A more proven way to limit emissions is to get dairy cows out of their crowded stalls and into the pasture. This allows the manure to decompose naturally and spew less methane into the atmosphere. The practice, though, is criticized as time-consuming and land-intensive, even as some like Giacomini make a point of letting their herds run free as much as possible.
The real solution, some say, is for Californians to simply cut their intake of milk — and cheese, butter, yogurt and ice cream.
“I don’t know exactly what is going to get us to our goal,” Vandenheuvel said.
The good news for dairies is that the new state law, which targets what are known as super pollutants and also clamps down on landfills, transportation fuels and aerosol products, was written with the intention of giving farms time to come into compliance.
The industry’s required 40 percent methane reduction, from 2013 levels, doesn’t have to be met until 2030. And the California Air Resources Board, which is charged with drawing up specific rules to achieve the cut, has flexibility to make adjustments.
The law, SB1383, also calls for $50 million in grants to help dairy farms get to the goal. More funding is expected in future years.
Deanne Meyer, livestock waste management specialist at UC Davis, said it’s unclear whether the required methane cutbacks can be reached.
“One of our greatest challenges is just going to be to have facts and information so we can guide in the right direction,” said Meyer, who has done extensive research on manure management. “You need people who understand these systems engaged on the research side.”
At Cal Poly San Luis Obispo, agribusiness Professor Wayne Howard wasn’t optimistic: “I really don’t know how they will go about reducing methane emissions by 40 percent,” he said. “That’s a huge amount.”
At the same time, the cut may not be enough for some environmental groups that withdrew support for the bill after lawmakers made concessions to farmers.
“They’re giving years and years to make reductions, and it’s throwing millions and millions of dollars of public money to private business,” said Brent Newell, legal director for the Center on Race, Poverty and the Environment in Oakland. “What this bill did was totally undermine the kind of policy we need to have going forward for decarbonating what we eat.”
Newell noted that methane digesters, which he fears the industry will soon begin to stockpile, will slash methane but emit other pollutants like nitrogen oxide and particulate matter, which he said can be just as harmful, particularly for those living nearby.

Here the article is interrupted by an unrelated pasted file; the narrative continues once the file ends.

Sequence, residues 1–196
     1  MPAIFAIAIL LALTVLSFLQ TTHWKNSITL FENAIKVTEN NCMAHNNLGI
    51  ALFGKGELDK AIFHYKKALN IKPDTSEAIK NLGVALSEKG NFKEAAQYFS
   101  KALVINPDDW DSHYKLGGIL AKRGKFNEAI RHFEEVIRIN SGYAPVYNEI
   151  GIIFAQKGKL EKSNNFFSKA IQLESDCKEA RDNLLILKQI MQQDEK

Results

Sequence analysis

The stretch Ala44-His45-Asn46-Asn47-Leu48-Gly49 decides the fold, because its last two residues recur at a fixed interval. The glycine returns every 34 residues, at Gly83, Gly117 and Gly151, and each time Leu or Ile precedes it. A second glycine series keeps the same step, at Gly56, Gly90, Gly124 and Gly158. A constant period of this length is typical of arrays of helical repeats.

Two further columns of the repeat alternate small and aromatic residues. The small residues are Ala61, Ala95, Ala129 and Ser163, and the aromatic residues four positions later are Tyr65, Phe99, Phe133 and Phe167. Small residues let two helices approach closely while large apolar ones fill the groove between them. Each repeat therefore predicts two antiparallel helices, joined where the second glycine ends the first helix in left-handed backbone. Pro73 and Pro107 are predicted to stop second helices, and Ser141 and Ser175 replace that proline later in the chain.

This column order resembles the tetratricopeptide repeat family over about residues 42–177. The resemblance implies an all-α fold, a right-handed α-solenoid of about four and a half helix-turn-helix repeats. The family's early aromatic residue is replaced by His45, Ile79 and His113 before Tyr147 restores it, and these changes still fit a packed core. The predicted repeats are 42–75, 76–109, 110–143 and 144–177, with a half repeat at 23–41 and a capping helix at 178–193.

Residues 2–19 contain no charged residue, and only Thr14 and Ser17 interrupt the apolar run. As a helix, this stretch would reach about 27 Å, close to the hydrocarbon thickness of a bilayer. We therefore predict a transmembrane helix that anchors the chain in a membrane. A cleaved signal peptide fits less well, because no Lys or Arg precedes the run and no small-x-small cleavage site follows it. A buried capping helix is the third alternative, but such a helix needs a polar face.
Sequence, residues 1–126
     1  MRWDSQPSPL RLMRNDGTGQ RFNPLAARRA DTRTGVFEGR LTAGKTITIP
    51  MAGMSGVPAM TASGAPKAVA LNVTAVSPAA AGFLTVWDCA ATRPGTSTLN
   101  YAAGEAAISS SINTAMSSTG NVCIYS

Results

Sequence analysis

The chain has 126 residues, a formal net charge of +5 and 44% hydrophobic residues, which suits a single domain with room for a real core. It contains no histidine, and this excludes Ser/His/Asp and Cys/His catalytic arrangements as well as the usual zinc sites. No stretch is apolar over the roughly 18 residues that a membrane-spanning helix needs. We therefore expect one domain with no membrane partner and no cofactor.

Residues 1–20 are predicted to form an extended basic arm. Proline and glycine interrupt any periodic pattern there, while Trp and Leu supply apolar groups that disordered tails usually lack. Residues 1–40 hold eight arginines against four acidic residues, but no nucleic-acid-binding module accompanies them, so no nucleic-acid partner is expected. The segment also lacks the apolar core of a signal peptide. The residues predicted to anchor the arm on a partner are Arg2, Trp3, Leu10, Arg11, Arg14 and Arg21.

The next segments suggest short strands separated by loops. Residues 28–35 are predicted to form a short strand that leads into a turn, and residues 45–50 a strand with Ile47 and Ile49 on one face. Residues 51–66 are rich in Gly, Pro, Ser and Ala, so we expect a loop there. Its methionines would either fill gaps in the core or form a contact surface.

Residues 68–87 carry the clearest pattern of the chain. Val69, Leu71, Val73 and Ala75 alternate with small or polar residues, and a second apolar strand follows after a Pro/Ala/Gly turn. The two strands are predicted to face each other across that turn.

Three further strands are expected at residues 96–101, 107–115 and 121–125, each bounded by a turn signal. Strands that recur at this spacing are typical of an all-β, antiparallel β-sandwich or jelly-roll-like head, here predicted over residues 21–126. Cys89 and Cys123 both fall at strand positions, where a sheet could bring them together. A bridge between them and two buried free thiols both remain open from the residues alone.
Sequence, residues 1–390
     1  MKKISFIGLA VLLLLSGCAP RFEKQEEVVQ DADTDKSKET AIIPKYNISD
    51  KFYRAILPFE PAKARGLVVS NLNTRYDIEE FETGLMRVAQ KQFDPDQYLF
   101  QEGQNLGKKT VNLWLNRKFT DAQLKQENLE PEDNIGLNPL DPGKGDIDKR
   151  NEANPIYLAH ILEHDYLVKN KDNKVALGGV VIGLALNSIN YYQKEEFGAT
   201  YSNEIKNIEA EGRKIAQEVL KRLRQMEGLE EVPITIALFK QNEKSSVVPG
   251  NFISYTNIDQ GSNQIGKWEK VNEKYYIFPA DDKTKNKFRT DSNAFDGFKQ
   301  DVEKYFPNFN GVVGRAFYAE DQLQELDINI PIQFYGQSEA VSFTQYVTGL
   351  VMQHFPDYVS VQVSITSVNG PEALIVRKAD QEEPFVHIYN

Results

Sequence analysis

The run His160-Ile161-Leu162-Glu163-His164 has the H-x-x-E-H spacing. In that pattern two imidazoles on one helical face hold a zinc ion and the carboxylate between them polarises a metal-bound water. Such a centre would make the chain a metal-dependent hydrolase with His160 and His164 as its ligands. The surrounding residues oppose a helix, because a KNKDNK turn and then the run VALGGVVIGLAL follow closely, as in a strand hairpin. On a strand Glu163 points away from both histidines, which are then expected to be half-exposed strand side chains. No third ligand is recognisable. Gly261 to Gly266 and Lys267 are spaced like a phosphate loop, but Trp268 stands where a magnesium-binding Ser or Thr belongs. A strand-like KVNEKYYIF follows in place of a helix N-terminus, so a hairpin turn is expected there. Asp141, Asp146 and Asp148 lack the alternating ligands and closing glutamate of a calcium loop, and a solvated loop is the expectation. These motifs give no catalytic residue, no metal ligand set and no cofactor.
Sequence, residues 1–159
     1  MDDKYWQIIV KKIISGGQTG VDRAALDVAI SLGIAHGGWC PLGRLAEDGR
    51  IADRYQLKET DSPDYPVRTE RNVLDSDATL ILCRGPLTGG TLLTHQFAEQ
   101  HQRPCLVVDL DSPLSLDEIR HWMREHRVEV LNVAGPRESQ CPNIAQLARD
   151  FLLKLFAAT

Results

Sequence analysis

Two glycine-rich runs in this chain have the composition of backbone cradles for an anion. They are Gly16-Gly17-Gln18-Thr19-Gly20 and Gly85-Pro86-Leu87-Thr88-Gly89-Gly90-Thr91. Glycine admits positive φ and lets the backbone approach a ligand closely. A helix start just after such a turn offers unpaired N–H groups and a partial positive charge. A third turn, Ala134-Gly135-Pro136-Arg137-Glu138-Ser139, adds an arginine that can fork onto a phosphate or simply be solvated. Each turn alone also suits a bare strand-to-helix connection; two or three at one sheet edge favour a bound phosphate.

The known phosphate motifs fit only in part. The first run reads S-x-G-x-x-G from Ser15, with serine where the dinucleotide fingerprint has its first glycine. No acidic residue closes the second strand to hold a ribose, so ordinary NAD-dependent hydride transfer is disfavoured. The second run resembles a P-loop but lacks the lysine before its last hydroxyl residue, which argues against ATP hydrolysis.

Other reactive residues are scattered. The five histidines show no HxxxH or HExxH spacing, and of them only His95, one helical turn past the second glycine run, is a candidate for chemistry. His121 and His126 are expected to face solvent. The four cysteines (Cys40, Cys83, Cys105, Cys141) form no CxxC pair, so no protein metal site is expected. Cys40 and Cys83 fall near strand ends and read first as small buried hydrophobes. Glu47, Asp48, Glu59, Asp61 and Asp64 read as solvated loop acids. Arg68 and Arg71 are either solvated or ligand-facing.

The digester at Giacomini’s ranch, which is smaller than some that are used on larger dairy farms in the Central Valley, was recently retrofitted with a new engine so that it runs more cleanly and efficiently.
He paid about $100,000 for the upgrade, which comes on top of the $600,000 outlay for the system. Grants helped him cover nearly two-thirds of the initial cost, and Giacomini says he couldn’t have afforded the equipment without them.
The digester runs 24 hours a day. It collects runoff from cow stalls in a 2-acre drainage basin, where methane from manure is captured under a huge tarp and piped to a generator. About 70 kilowatts of electricity are produced, enough to power all the facilities on the ranch except the administrative building. In the evening there’s surplus power to sell back to the grid.
Giacomini shrugged off the new methane law as just more regulation that he hopes his business can weather.
He credits his success and his optimism about the future to the strategic decision he and his four daughters made to enter the niche field of specialty cheese. The family’s flagship Point Reyes Original Blue, introduced in 2000 and followed by a handful of other cheeses made on site from their 400 milking Holsteins, proved popular with consumers looking for a unique, homegrown product.
“There used to be a lot more dairies up here,” Giacomini said, lamenting the economic hardships farms have faced. “We didn’t know we’d be making cheese (two decades ago), but we knew we were going have to be do something different.”